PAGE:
Public health departments across US concerned about spread of potentially deadly fungus
Nursing home residents and hospital patients are particularly at high risk.
Public health departments across the United States have expressed concern about the spread of a potentially deadly fungus after the Centers for Disease Control and Prevention reported cases have spiked.
Candida auris, or C. auris, is increasing at an "alarming" rate with cases doubling in 2021, the CDC said.
Now, with infections reported around the country, health officials are working to prevent the drug-resistant yeast from spreading further.
Two cases were recently reported to the Colorado Department of Public Health and Environment. The agency told local ABC affiliate Denver 7 that the patients had been receiving care in facilities out of state and were transferred to Colorado for additional care.
On its website, CPDPHE said it was concerned about C. auris because it is often multi-drug resistant, can be difficult to identify and can cause outbreaks in health care settings.
Additionally, the Indiana State Department of Health said it is monitoring 87 cases of C. auris, according to local affiliate WRTV.
The fungus "presents a serious global health threat," the department said on its website. "Outbreaks of this organism have occurred in healthcare settings, so early identification and communication about cases are essential to awareness and prevention."
What's more, Austin Public Health recently told KXAN that the spread was "very concerning" and that it is a "top threat" to the agency.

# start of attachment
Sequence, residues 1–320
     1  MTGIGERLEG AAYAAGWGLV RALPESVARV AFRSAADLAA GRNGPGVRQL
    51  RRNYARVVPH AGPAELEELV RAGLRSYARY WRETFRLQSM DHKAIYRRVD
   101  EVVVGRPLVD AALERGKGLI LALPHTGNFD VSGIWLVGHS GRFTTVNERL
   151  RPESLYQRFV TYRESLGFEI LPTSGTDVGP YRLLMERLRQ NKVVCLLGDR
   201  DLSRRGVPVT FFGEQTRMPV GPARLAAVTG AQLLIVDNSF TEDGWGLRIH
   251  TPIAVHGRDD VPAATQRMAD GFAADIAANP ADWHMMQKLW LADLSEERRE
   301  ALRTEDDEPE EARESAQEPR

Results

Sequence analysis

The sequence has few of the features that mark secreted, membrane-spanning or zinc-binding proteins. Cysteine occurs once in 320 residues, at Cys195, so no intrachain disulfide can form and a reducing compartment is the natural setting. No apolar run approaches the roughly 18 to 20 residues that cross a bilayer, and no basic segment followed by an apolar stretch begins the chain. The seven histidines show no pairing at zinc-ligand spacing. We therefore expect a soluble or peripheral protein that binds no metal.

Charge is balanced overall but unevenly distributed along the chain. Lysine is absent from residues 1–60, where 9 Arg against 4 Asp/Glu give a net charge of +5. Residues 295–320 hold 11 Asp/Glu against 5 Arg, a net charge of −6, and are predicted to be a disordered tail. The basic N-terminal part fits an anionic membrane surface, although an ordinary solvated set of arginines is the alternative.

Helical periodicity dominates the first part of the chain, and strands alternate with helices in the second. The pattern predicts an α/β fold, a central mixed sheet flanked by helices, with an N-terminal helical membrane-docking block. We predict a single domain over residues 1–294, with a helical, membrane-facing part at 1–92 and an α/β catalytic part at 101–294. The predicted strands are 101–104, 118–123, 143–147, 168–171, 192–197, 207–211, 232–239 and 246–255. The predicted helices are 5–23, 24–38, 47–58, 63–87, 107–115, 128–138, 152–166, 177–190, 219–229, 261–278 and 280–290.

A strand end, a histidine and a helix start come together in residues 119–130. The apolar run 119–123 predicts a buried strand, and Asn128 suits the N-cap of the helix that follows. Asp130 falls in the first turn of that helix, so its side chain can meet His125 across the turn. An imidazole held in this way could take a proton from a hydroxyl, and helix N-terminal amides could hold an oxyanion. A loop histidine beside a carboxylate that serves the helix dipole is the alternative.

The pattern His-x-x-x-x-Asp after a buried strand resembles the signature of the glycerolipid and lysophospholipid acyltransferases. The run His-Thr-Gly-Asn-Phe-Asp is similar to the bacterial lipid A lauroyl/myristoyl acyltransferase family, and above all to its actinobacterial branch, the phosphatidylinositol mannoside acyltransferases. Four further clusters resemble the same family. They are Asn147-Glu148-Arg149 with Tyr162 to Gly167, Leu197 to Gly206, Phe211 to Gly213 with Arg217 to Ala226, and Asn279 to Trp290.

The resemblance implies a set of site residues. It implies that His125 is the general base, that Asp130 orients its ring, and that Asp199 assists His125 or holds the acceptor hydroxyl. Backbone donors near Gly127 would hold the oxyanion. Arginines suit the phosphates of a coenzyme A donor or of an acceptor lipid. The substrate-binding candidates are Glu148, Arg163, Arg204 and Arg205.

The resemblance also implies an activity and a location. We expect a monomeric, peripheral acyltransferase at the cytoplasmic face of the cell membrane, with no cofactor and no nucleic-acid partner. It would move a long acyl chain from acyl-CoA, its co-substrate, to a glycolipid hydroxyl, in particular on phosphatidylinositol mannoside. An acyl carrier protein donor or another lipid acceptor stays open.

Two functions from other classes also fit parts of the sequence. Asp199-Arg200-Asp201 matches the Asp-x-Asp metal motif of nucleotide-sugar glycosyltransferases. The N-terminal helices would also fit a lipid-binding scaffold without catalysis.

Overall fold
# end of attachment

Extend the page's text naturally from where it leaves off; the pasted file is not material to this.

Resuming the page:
While most healthy people are not at risk, vulnerable populations -- including those with weakened immune systems -- are prone to drug-resistant infections.
In addition, nursing home patients or hospital patients who have or have had lines and tubes in their body -- such as a catheter or a breathing tube -- are also at high risk.
Doctors previously told ABC News they are concerned because C. auris can spread either from person to person or by coming into contact with contaminated surfaces.
Although several strains of C. auris are multi-drug resistant, there is a class of antifungal drugs called echinocandins that can be used and are given intravenously.
According to the National Institutes of Health, echinocandins prevent a key enzyme needed to maintain the cell wall of the fungus.
In some cases, when the infection is resistant to all three main classes of drugs, multiple high doses may be required, the CDC said.
According to the CDC, studies on mortality related to C. auris are limited but anywhere between 30% and 60% of people with C. auris infections have died.
The federal health agency, however, noted many of these patients also had other serious illnesses that increased their risk of death.
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